With the doors to Halas Hall closed to them, Bears players are scattering about the country to stay in shape. Despite the lockout, they don't want to be out of shape for when the season does begin.
The Chicago Sun-Times took a look at where the players are putting in their training time. By their own expense, Bears are using top-of-the-line trainers to take the place of the voluntary workouts that would have started at Halas Hall this week.
Knox and Toeaina train three to four days a week at EFT Sports Performance, about six miles south of the Bears’ headquarters in Lake Forest, with founder Elias Karras. Free-agent defensive tackles Tommie Harris and Anthony Adams also train there. Matt Forte and Greg Olsen are training at Bommarito Performance Systems in Miami; Charles Tillman is at Fitness Quest 10 in San Diego; and Roberto Garza, Nick Roach and Corey Wootton are at TCBOOST in Northbrook.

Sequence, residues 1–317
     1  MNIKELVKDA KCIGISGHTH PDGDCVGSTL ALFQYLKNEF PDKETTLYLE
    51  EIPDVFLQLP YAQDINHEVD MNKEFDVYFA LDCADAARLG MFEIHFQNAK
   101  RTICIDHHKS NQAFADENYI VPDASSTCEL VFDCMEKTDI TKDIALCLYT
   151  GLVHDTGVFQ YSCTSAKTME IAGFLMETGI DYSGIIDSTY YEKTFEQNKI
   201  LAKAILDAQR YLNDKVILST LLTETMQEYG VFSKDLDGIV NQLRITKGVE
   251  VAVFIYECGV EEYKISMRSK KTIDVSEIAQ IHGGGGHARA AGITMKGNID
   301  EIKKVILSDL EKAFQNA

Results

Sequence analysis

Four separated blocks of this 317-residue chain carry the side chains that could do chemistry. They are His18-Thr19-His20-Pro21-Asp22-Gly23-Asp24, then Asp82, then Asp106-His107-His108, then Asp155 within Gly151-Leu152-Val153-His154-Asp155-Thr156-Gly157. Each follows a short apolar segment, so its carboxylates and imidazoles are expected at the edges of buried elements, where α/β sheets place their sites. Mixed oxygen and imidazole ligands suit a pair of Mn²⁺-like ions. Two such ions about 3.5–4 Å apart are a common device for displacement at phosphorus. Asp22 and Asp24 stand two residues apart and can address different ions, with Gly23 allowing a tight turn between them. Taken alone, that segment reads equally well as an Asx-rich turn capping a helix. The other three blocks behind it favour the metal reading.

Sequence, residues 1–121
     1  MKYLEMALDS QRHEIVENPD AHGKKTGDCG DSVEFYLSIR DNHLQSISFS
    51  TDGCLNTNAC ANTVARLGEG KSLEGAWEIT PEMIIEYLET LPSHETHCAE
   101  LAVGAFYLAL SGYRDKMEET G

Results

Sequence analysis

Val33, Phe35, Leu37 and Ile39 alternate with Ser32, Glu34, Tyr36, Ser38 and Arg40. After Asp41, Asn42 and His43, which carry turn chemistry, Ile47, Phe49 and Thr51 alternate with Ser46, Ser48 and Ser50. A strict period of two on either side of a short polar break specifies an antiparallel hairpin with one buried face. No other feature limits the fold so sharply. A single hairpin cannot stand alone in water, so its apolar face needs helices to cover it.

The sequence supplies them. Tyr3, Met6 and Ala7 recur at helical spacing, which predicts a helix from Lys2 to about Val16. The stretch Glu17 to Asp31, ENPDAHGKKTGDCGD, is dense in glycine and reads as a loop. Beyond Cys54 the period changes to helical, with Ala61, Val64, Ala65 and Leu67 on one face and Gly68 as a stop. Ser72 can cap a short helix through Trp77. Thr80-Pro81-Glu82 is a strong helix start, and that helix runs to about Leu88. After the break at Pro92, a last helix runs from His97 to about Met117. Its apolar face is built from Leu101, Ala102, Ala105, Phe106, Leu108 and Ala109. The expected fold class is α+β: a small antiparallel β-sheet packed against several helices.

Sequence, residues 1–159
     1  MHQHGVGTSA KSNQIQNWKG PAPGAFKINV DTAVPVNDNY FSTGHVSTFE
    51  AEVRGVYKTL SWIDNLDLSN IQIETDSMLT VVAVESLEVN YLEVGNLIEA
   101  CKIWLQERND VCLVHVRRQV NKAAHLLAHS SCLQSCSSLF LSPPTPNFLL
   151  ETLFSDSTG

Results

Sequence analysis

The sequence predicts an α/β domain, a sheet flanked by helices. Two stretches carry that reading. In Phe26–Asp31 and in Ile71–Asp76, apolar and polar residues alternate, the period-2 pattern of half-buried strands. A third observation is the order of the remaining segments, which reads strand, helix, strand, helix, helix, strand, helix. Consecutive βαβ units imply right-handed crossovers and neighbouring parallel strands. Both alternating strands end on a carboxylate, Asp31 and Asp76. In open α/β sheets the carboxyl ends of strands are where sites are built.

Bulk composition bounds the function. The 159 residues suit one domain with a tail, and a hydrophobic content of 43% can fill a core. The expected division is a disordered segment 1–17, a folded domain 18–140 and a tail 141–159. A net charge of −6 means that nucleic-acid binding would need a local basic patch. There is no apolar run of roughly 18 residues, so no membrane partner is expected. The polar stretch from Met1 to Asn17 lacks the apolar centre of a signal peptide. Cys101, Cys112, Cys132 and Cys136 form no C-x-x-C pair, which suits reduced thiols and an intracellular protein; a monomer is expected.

Earl Bennett often tweets about his daily workouts, as does Wootton. Rashied Davis is working to bring the receivers and quarterbacks together to run routes.
The players are not sitting around during unemployment. In fact, they are spending $50-150 a day on training. If there were no lockout, they would be receiving workout bonuses, i.e., the Bears would be paying them to work out.
In addition to the expense incurred, the danger in all this is that if they are injured training, they are not covered by their teams. In fact, a letter from the NFL at the beginning of the lockout made this reality clear:
The Club will not pay for or provide health insurance or other active-player benefits or services. You have already received separate communications regarding your option to pay for health benefits continuation under COBRA ... If you engage in any activities during the lockout, even training, you do so at your own risk. Any injury resulting from such activities will not be the responsibility or liability of the Club or the NFL.
Paying for training expenses is new to football, but not completely foreign to pro sports. Football players in this situation are more like mixed martial artists or boxers. Some promotions, like the UFC, will cover injuries a fighter sustains while training for a fight, but if they trip and fall down their stairs, that's their own problem. Fighters cover their own training expenses, usually as a percentage of their fight purses, and that extra expense is something that fighters share in common with their decertified brothers who play football.